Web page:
News / USA

    Ecuador Tells US to Send Snowden Position in Writing

    A picture of Edward Snowden, a contractor at the National Security Agency (NSA), is seen on a computer screen displaying a page of a Chinese news website, in Beijing in this June 13, 2013 photo.
    A picture of Edward Snowden, a contractor at the National Security Agency (NSA), is seen on a computer screen displaying a page of a Chinese news website, in Beijing in this June 13, 2013 photo.
    Reuters
    Ecuador said on Wednesday the United States must “submit its position” regarding Edward Snowden to the Ecuadorean government in writing as it considers the former U.S. spy agency contractor's request for asylum.

    Ecuador, in a statement from its embassy in Washington, said it would review the request “responsibly.”

    “The legal basis for each individual case must be rigorously established, in accordance with our national Constitution and the applicable national and international legal framework. This legal process takes human rights obligations into consideration as well,” the statement said.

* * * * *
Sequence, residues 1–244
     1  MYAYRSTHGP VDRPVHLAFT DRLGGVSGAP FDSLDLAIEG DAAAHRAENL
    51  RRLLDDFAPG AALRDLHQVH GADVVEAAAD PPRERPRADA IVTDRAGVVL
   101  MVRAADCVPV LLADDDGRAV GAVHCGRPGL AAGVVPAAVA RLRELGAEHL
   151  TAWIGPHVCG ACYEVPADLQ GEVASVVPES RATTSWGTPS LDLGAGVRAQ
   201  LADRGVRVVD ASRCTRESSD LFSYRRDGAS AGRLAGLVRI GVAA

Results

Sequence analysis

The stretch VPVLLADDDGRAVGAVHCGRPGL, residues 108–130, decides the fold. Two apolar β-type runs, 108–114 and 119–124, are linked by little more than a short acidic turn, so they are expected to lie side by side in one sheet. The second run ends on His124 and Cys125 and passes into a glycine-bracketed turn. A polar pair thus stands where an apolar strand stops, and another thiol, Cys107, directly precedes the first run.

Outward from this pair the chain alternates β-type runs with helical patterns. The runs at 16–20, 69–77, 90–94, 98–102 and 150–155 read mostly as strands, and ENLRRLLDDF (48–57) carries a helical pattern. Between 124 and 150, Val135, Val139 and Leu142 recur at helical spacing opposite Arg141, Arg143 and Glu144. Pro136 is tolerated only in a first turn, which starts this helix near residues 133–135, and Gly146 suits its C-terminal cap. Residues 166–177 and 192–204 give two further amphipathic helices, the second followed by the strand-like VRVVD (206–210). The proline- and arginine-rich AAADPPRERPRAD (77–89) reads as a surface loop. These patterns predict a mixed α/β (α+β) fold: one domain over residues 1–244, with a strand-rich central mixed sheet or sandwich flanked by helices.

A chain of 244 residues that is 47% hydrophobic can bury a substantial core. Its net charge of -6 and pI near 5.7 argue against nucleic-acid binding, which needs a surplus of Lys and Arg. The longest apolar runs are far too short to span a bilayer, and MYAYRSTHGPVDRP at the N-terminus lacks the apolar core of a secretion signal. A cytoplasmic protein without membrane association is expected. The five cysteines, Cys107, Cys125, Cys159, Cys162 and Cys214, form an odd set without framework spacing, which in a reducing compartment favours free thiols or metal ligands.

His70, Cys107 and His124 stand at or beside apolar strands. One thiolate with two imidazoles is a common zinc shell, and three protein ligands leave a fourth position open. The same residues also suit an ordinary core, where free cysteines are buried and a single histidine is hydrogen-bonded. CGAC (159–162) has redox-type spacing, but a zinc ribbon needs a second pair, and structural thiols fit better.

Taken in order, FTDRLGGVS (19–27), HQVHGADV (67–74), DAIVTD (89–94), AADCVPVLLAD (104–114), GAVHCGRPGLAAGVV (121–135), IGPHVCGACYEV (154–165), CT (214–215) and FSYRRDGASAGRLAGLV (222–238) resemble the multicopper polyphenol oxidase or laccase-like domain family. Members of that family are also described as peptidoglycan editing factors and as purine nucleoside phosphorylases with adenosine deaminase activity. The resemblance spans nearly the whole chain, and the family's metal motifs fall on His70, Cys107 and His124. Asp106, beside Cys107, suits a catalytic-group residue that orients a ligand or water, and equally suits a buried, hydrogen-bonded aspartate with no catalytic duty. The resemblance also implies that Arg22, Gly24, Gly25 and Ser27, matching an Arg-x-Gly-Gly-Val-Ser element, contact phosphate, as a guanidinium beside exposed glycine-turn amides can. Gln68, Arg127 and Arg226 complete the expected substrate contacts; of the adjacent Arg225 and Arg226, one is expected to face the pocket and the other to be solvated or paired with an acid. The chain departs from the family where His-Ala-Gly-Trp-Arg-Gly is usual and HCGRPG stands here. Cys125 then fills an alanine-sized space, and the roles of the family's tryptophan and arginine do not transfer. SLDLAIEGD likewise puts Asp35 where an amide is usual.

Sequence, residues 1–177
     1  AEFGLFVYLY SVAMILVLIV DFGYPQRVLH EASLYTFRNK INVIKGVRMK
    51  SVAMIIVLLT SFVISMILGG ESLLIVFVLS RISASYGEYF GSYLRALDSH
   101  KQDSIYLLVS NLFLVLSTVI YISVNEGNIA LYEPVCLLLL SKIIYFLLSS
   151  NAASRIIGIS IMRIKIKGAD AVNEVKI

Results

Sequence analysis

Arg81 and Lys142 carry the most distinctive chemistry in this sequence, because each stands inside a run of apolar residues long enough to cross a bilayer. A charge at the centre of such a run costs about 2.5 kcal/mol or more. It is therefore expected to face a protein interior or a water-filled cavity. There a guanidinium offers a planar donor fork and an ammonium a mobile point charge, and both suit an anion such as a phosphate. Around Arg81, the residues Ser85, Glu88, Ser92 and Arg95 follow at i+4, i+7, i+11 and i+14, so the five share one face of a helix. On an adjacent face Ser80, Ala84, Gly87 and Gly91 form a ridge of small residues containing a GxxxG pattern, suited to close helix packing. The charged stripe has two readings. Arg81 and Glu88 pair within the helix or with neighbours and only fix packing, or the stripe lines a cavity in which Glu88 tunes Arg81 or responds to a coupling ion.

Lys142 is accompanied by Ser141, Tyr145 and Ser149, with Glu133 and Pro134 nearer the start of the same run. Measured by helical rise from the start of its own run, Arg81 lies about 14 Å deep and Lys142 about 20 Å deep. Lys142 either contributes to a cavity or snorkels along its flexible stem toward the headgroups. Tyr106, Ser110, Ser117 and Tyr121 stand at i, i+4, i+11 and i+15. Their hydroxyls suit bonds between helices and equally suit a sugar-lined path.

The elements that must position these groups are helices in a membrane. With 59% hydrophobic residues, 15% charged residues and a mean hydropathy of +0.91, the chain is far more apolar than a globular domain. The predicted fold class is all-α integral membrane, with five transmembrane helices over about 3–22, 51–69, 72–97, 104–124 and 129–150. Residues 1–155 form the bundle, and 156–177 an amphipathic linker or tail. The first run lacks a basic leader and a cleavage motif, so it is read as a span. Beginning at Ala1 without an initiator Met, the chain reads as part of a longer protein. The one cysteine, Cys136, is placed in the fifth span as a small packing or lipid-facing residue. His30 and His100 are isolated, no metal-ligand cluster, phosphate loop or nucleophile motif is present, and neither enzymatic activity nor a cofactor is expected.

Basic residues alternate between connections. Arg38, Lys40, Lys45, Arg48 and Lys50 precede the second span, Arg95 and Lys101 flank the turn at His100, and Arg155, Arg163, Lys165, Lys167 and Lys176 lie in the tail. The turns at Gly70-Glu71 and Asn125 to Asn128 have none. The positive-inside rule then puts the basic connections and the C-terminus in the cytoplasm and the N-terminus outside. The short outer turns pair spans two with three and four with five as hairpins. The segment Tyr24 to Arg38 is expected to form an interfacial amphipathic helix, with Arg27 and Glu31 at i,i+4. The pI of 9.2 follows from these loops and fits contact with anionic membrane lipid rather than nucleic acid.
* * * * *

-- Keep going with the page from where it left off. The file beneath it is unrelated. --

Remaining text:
“This current situation is not being provoked by Ecuador,” the embassy said.

    Snowden, 30, a former employee of the U.S. contractor Booz Allen Hamilton, appears to be still in hiding at a Moscow airport awaiting a ruling on his asylum request from the tiny South American nation's leftist government.

    He fled to the Russian capital from Hong Kong on Sunday, evading a U.S. request that he be extradited to face charges that he stole and leaked details of secret U.S. government surveillance programs.

    Ecuadorean President Rafael Correa has not flinched in the past from taking on western powers.

    His government is already embroiled in a dispute with Britain and the United States over its sheltering of Wikileaks founder Julian Assange at its embassy in London.

    In its statement on Wednesday, the embassy said it “strongly rejects” statements made by U.S. government officials that it said contained detrimental, untrue and unproductive claims about Ecuador. It did not elaborate on those statements.

    Ecuador, the statement said, has signed human rights agreements and is committed to the rule of law and the fundamental principles of international law.

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